Winter Comes to Riverhill Farm
Morning comes late to our growing fields these days. Although we’ve passed the Winter Solstice and day length is increasing, the sun still follows a flat arc low across the southeastern sky, making for a prolonged twilight dawn of grays and blacks before the farm colors up with the rising sun. The contrast between the areas of farm in shadow and those in brilliant winter light is accented by persistent frost which only disappears as the first rays of sun warm the soil.
The relative ease of winter work on the farm affords my wife, Jo, and me the time to take a morning cup of coffee outside on a sunny morning and watch the birds work for their food. We’re glad for the chance to spend some time watching others work.
I’m not sure whether you’d consider it the last act of last season or the first act of next, but before taking a much needed Fall break in December, we set about planting garlic for next summer. Down on our knees, we pushed the garlic cloves into the soil—8,000 times—knowing that each clove is to become a full head of garlic. Fall farming is like that: There’s comfort in the relaxed pace of planting, harvest more than eight months away. Working in the warm sun over the fragrant soil, lazy thoughts can find their own way without the pressure of a to-do list staring us down. In November, still working in t-shirts, it would have been unlikely for thoughts of winter to intervene. We still owed our allegiance to summer. These days, the emerging garlic straps show up as green stripes in a field of snow.
One of the great pleasures of winter on the farm comes with clear skies after snowfall. On a cold crisp morning before thaw, I wander around the fence lines following the tracks of all the creatures that use our fields for their own purposes during the night while we sleep. Bobcat, fox, raccoon and skunk all find their way in, either up one side of a wooden fence post and down the other, or through the wider openings in the woven wire. We build fence to exclude the herbivores—deer and rabbits—that might compete with us for the food we grow, but excluding the lesser predators can be an unintended and undesirable consequence of fencing. The persistence of these small predators in using our fields despite the fencing may account for the scarcity of gophers and ground squirrels we’ve had to contend with, critters that are the bane of many a farmers’ existence.
While digging a trench recently, I paused to catch my breath and noticed some fresh scat at the base of a fencepost. The scat was held together by short fur and small white bones--an owl’s signature, most likely. We’ve seen the Great Horned Owl working the fields at evening twilight and occasionally in the headlights of the truck as we drive in or out after dark. The bones and fur were not the only contents of the scat, however. A surprise was the partially dismembered body of a Jerusalem Cricket. I occasionally unearth a Jerusalem Cricket while I’m digging around in the fields, especially while harvesting potatoes. Despite one of their common names—potato bug—they don’t eat potatoes, but they do burrow deeply during the day. Their habits above ground are mostly nocturnal, making them a likely target for an opportunistic owl.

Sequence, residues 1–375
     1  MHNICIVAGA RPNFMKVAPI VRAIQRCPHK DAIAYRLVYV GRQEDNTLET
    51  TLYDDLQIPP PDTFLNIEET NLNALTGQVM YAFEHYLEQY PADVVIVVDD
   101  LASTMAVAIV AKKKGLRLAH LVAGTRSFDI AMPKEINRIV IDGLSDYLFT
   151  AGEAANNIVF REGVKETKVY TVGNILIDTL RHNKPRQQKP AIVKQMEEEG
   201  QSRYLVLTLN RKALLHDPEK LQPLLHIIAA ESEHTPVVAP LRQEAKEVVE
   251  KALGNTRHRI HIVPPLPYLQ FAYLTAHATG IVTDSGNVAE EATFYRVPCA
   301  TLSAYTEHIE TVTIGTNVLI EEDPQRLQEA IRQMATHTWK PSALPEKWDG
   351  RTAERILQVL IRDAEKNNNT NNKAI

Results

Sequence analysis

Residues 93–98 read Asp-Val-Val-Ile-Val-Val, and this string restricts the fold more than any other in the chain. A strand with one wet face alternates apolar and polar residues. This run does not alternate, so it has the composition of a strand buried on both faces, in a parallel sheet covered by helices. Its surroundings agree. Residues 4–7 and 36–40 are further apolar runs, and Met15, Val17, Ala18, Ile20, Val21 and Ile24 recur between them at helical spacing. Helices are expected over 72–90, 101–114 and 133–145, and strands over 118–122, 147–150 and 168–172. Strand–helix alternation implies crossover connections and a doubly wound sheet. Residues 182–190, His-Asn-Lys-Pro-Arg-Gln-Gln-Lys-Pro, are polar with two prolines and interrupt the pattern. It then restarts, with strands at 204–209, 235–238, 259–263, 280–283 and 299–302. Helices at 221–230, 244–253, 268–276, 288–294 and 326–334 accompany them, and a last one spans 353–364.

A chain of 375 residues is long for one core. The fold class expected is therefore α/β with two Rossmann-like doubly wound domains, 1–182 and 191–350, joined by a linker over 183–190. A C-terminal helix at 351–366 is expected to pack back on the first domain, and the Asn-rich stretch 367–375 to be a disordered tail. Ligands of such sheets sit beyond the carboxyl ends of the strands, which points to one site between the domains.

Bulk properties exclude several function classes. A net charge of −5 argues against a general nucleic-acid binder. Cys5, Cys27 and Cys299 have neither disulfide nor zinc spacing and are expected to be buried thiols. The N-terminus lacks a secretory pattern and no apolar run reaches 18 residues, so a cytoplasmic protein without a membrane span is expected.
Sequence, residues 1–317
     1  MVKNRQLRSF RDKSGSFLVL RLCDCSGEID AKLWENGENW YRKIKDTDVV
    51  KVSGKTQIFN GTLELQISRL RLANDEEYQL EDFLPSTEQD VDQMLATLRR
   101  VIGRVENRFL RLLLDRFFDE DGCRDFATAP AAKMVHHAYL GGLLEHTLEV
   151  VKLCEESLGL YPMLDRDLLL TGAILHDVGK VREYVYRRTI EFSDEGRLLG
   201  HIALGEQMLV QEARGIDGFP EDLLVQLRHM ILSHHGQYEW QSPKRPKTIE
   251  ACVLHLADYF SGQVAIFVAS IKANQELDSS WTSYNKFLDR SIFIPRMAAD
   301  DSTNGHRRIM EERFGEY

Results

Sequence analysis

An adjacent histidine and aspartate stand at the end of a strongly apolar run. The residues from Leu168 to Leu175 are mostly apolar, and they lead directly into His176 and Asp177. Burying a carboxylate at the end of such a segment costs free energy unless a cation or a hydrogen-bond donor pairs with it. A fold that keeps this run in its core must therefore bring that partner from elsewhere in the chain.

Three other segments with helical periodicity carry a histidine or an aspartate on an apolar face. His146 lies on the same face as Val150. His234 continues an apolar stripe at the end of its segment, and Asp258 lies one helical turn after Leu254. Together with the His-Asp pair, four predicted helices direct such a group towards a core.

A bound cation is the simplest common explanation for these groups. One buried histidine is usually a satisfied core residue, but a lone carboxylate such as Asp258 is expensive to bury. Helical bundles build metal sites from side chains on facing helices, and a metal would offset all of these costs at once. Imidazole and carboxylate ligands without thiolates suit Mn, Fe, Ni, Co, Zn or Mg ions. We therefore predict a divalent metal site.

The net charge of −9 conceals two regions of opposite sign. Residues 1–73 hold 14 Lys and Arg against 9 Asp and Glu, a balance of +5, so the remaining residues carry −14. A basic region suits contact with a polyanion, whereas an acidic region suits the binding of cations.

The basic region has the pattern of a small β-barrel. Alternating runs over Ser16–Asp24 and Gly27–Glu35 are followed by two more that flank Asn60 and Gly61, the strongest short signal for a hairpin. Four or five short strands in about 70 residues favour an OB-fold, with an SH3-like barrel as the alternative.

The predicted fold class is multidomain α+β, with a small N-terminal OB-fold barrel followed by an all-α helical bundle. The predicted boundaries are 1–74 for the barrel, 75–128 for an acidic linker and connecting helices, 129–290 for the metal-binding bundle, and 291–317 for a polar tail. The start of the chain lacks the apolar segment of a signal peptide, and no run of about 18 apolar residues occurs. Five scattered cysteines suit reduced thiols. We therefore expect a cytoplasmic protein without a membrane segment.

Predators from the surrounding woodland keep rodents in check, and pollinators such as the bumblebee, a ground dweller that depends on undisturbed soil for its burrows, work through our flowering crops and ensure the success of our harvest. Hungry wasps can be found wherever there are clusters of aphids, and countless beneficial insects find prey in our crops as well as nectar in our ornamental flowers. All this helps to make the farm a thriving ecosystem in its own right, but also serves to underscore our farm’s dependence on a healthy and diverse environment outside the farm fence.
We’ve come to understand these fields through observation and experience. We’ve borrowed them for our use from the surrounding woodland to satisfy our hometown’s need for food, but they work best when the separation between farm and woodland is as permeable as possible. There’s fallacy and perhaps some risk involved in thinking that thriving organic farms can exist as islands for the production of our healthful food while we disregard our responsibility to our rivers, forests and mountains beyond the farm gate.
Alan Haight, Riverhill Farm, Nevada City